Medieval English Manuscripts and Literary Forms
by Jessica Brantley
146 b/w, 25 plates (16 pg color insert)
In Medieval English Manuscripts and Literary Forms, Jessica Brantley offers an innovative introduction to manuscript culture that uses the artifacts themselves to open some of the most vital theoretical questions in medieval literary studies. With nearly 200 illustrations, many of them in color, the book offers both a broad survey of the physical forms and cultural histories of manuscripts and a dozen case studies of particularly significant literary witnesses, including the Beowulf manuscript, the St. Albans Psalter, the Ellesmere manuscript of the Canterbury Tales, and The Book of Margery Kempe. Practical discussions of parchment, scripts, decoration, illustration, and bindings mix with consideration of such conceptual categories as ownership, authorship, language, miscellaneity, geography, writing, editing, mediation, illustration, and performance—as well as of the status of the literary itself.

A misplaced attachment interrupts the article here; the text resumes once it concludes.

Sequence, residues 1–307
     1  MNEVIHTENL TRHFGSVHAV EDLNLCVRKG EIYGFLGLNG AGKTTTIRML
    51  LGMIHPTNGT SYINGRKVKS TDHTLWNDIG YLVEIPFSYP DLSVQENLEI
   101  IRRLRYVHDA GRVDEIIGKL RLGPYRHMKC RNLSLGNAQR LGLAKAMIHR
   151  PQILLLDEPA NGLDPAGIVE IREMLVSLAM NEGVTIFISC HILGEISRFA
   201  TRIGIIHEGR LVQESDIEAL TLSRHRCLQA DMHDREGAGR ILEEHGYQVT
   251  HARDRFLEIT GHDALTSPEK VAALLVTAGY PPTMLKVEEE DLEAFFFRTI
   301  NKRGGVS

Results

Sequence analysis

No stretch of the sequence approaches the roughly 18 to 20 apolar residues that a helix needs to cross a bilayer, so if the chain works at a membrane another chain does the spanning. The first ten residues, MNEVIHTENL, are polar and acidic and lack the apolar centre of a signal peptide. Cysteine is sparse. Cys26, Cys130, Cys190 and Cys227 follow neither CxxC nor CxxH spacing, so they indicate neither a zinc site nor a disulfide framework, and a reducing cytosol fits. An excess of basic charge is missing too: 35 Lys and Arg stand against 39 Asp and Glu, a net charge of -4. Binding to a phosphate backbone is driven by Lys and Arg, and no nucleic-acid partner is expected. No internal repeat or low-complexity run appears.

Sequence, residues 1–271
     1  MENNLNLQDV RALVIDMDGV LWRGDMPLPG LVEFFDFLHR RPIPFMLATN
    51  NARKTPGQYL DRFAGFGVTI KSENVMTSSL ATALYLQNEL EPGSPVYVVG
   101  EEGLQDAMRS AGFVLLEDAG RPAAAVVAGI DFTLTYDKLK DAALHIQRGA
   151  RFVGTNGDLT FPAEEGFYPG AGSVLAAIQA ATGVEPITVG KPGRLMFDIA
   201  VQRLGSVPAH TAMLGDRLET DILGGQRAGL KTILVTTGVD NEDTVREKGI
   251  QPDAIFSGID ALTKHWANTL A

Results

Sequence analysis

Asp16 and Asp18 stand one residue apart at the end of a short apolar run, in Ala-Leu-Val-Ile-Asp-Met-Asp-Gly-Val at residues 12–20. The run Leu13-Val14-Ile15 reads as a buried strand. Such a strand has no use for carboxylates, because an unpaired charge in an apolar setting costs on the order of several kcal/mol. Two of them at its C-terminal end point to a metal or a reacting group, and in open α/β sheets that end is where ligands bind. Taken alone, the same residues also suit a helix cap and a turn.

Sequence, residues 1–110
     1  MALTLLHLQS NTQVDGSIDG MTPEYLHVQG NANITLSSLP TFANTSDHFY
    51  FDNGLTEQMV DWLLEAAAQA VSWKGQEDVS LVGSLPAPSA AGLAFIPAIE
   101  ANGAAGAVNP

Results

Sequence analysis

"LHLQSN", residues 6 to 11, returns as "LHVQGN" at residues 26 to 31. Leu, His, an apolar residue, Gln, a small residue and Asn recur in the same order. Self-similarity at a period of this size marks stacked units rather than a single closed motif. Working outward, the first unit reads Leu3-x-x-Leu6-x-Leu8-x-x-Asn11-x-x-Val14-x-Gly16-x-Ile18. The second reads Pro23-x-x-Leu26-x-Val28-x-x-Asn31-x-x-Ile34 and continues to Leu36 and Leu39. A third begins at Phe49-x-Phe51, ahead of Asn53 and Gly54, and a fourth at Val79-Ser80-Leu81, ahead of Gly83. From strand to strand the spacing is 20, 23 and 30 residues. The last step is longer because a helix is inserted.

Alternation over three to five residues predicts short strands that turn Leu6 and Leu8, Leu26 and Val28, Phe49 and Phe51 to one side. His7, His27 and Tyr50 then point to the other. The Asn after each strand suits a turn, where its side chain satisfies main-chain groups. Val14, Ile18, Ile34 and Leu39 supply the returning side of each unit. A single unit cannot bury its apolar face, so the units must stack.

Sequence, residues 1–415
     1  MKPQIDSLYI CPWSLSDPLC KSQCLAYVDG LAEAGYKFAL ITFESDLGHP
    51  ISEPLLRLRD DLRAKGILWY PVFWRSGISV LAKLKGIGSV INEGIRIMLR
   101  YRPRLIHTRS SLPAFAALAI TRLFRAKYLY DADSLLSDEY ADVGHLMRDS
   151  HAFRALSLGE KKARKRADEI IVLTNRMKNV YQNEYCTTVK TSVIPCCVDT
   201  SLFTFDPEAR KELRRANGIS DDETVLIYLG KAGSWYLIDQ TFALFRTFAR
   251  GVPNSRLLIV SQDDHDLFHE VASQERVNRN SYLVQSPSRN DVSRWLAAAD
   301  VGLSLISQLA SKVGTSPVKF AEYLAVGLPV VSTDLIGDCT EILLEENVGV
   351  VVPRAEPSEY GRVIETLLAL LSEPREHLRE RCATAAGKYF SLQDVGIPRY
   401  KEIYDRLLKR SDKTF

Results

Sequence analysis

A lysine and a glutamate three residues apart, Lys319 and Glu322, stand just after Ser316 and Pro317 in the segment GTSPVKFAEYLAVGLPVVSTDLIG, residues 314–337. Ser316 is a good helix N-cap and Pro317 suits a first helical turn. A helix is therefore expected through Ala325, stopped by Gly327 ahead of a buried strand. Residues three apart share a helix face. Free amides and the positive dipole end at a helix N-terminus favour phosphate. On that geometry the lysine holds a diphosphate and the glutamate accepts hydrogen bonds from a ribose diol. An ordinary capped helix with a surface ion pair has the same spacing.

Each case study includes an essay orienting the reader to particularly productive categories of analysis and a selected bibliography for further research. Because a high-quality digital surrogate exists for each of the selected manuscripts, fully and freely available online, readers can gain access to the artifacts in their entirety, enabling further individual exploration and facilitating the book’s classroom use. Medieval English Manuscripts and Literary Forms aims to inspire a broad group of readers with some of the excitement of literary manuscript studies in the twenty-first century. The interpretative frameworks surrounding each object will assist everyone in thinking through the implications of manuscript culture more generally, not only for the deeper study of the literature of the Middle Ages, but also for a better understanding of book cultures of any era, including our own.
"Clearly connecting two disciplines that are brought together often but uneasily, Medieval English Manuscripts and Literary Forms will be a crucial resource for teaching at the undergraduate and graduate levels, and its elucidation of key methodological and conceptual questions will be a useful provocation to all scholars in these fields."—Daniel Wakelin, University of Oxford